An ensemble of self-played musical instruments may sound like ghost movie fodder, but in reality it’s a project currently being developed at the Carnegie Mellon Robotics Club under the name of RobOrchestra. Its newest star is a robotic vibraphone called Vibratron. (Did I say ghost movie? I meant Transformers.)
The team behind RobOrchestra consists of students from various fields including Music Composition, Materials Science and Computer Engineering. They’ve already created instruments such as Xylobot, Flutophone and Snarebot. Vibratron is their latest undertaking. Even though it’s still only a prototype and its outer structure remains very much unfinished, it looks quite impressive. It was made with a vibraphone donated by a former club member and a $1000 grant.
Vibraphones are percussion instruments that resemble xylophones, except instead of wooden bars they have aluminum keys that produce a tremolo sound. In Vibratron, the 30 vibraphone keys are arranged in a circle for a more aesthetically-pleasing effect, and they make music when steel ball bearings are dropped onto them.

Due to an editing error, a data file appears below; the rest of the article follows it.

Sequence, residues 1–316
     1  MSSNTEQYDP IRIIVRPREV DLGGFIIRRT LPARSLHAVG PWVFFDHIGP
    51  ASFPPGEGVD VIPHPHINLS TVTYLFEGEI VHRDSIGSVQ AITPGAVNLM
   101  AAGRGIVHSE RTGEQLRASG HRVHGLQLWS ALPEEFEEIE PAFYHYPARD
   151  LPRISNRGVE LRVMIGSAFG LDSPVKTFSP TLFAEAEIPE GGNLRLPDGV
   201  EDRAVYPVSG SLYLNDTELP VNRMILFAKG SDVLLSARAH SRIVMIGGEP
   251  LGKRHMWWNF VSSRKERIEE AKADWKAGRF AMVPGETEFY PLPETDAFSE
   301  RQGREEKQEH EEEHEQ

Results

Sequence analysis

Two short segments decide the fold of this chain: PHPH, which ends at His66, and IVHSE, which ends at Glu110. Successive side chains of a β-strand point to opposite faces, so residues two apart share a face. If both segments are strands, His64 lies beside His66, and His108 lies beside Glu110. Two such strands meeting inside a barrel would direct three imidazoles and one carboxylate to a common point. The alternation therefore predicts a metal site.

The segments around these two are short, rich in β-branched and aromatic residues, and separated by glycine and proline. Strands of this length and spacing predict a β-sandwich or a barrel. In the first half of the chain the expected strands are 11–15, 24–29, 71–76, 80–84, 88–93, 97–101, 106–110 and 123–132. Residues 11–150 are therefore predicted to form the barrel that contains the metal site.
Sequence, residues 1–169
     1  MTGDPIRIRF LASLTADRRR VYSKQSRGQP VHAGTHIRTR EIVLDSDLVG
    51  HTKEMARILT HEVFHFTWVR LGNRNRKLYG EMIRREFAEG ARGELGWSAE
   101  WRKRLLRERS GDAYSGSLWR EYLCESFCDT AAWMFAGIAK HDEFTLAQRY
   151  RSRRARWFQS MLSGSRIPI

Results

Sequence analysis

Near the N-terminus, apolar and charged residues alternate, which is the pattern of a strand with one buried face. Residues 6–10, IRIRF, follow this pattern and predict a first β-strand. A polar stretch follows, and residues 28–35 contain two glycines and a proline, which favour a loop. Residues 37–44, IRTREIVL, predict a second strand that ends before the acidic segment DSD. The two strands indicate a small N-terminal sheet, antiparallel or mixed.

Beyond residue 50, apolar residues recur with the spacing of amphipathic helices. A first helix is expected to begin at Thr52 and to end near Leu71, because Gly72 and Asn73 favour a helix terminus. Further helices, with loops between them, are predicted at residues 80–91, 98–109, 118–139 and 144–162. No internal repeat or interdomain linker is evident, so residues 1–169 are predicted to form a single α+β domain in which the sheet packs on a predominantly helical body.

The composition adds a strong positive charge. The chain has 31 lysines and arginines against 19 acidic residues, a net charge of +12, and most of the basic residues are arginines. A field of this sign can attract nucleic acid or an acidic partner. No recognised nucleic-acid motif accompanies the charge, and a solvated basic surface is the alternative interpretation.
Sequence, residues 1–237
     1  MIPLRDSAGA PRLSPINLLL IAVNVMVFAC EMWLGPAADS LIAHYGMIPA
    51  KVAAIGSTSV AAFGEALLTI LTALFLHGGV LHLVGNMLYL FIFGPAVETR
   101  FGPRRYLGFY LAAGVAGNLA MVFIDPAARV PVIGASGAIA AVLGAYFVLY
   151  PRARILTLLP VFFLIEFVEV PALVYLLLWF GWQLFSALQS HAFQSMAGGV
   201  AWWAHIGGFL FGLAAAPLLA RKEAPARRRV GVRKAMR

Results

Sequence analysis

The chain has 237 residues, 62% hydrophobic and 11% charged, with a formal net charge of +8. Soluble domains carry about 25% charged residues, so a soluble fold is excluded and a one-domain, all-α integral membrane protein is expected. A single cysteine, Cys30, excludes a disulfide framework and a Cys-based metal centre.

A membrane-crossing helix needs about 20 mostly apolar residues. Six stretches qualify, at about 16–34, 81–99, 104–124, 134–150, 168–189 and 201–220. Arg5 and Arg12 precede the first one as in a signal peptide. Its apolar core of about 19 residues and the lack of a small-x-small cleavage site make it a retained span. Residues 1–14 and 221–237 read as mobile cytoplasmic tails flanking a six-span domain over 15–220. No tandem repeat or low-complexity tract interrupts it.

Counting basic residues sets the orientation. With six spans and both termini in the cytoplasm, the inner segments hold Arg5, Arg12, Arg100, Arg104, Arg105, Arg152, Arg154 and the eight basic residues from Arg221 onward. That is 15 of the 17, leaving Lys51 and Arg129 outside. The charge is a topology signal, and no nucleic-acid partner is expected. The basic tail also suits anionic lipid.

Solenoids (coils in the shape of a helix) are used as gates which retain and discharge the bearing balls from a queue. An Archimedes Screw collects them once a note has been played. When they’re in the upper hopper of this screw, a paintball-like system spreads them again into 30 individual tubes which lead to each of the 30 solenoid gates. They’re then re-used to play another note and so on and so forth, as many times as needed to play an entire song.
These mechanisms are commanded by an Anduino Mega, a microcontroller board equipped with a MIDI shield that enables it to pick up MIDI signals from a keyboard, a sequencer or any other kind of controller. The board transforms the MIDI signals into notes and sends corresponding digital signals to printed circuit boards present in the solenoid gates.
You can see Vibratron in action in the vid above. It doesn’t sound nearly as amazing as its complex appearance and inner workings would lead to suggest. Still, seeing as it’s a prototype and the team themselves have clarified they have a ways to go until its perfected, I’ll remain entirely hopeful.
For more musically-inclined robots check out 17 Robots with Rhythm: Singing and Dancing Robots and Robot Music: The Trons are a Fully Assembled Robot Band.
Via I Heart Robotics.